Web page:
BioWorld International Correspondent
LONDON - Proposals to tighten up corporate governance by changing the role and responsibilities of nonexecutive directors (NEDs) are not appropriate for many UK biotechnology companies and would make it even more difficult to recruit good NEDs, according to a survey of 52 CEOs.
The government proposals do not take into account the stage of development of the industry and the complexity of the biotech marketplace, according to the survey carried out by Ruston Poole International (RPI), a leading recruiter of NEDs for the life science industry in Europe.
The survey shows that the requisite roles and responsibilities of NEDs can vary significantly from company to company, David Collingham, chairman of RPI, told BioWorld International. "The UK industry is comprised of a broad range of different companies, from Celltech to small university spin-outs. Early stage private companies are in a very difficult position [in terms of complying with the proposals] and are very much anti."
The proposals are contained in the Higgs report, commissioned by the government to look at how to formalize the role of NEDs in the wake of the Enron Corp. and similar corporate scandals. While corporate failures in the U.S. put the focus on preventing malpractice and fraud, in the UK the loss of shareholder value has been more of an issue, putting the focus squarely on the role and effectiveness of NEDs.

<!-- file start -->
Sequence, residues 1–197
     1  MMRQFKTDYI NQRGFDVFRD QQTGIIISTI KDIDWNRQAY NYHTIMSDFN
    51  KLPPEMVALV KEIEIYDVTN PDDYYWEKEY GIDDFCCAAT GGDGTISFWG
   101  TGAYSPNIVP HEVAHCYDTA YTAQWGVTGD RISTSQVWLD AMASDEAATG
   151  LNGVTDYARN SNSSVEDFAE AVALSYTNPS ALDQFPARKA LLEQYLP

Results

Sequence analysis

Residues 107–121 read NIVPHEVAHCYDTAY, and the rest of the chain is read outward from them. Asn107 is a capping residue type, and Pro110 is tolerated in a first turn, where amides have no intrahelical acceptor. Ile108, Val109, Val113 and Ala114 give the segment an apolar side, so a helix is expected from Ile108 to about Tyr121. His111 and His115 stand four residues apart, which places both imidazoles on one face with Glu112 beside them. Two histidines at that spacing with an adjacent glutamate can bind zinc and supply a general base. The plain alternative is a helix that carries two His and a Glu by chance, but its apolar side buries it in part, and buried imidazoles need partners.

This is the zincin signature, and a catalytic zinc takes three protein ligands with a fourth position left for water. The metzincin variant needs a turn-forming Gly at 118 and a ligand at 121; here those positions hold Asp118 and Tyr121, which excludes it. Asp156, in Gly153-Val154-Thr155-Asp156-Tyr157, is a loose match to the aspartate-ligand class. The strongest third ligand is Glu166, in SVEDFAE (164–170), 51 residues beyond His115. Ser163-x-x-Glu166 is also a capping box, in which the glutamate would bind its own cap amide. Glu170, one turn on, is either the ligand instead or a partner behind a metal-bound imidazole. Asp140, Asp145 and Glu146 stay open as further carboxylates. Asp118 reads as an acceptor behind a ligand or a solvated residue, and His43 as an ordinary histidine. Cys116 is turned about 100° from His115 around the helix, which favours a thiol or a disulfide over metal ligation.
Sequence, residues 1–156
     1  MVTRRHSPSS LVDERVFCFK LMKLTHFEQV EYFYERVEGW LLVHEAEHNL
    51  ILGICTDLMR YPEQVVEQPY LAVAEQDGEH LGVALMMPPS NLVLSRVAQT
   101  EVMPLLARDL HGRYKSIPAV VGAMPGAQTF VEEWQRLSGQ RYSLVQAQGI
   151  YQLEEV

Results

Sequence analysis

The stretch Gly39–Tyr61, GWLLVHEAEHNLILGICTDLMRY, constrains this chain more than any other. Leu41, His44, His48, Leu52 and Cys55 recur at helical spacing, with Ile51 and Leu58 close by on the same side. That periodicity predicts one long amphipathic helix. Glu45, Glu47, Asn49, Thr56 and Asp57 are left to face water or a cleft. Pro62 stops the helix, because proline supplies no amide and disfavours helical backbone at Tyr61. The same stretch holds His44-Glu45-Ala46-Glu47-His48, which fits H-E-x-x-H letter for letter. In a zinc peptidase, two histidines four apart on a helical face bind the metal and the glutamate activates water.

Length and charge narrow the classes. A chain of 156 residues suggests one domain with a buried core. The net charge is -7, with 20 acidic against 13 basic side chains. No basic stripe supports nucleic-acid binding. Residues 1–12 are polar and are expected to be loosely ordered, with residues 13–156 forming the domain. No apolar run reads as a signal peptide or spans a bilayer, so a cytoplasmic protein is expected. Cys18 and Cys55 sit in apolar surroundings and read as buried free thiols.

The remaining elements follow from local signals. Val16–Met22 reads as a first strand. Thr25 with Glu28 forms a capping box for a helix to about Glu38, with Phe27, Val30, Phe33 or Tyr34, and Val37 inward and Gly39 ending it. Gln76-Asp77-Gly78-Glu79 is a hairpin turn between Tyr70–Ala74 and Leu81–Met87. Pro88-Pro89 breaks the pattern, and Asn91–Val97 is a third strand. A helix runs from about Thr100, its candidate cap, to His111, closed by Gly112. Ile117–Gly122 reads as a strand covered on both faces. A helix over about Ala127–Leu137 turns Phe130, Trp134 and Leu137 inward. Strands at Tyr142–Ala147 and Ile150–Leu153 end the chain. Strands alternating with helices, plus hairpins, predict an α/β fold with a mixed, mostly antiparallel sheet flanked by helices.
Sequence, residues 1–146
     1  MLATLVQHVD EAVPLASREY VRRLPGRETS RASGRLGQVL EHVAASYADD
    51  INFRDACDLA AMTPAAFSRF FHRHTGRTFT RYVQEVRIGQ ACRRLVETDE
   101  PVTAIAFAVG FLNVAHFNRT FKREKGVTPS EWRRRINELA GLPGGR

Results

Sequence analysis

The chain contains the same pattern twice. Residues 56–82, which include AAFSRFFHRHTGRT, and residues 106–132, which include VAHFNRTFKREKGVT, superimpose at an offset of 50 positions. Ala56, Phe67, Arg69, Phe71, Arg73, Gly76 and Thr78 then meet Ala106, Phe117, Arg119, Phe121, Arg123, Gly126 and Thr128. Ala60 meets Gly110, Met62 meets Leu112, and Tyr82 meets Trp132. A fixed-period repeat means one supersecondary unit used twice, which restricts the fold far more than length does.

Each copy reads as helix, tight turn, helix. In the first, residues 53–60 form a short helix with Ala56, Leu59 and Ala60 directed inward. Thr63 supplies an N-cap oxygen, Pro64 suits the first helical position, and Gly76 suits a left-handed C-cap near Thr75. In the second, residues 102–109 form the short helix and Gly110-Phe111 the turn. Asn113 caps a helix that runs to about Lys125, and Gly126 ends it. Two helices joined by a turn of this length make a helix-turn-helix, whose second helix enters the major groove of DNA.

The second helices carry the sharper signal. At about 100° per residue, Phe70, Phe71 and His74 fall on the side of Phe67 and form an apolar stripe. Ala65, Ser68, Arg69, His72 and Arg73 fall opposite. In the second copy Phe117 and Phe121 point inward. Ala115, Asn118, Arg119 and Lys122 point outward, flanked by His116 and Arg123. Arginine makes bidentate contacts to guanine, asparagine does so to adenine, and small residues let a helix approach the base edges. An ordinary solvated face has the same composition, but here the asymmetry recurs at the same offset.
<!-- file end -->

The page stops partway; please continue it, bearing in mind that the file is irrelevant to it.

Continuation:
Collingham said that while most companies would like to take up some of the Higgs recommendations, the boards of early stage companies likely are to be comprised of the founder inventors and venture capitalists. "It is very difficult for them to find truly independent NEDs who can add value."
The CEOs in the survey said there is a shortage of good NEDs coming into the industry. "In general it is hard to find people with experience of the sector, who don't have conflicts of interest," Collingham said. The research indicated that the introduction of strict rules on NEDs would make it more difficult to "widen the gene pool" and recruit people from outside the industry.
The other concern for smaller companies is renumeration, Collingham said. "The majority of companies in our survey haven't got a lot of cash to pay NEDs, making it even more difficult to recruit good ones."
The recommendations of the Higgs report are broadly consistent with the Cromme Code in Germany and the Bouton Report in France, and Collingham said the situation in the UK is similar elsewhere in Europe. "Different countries have different board structures, but there are similar problems in recruiting nonexecutive directors elsewhere in Europe," he said.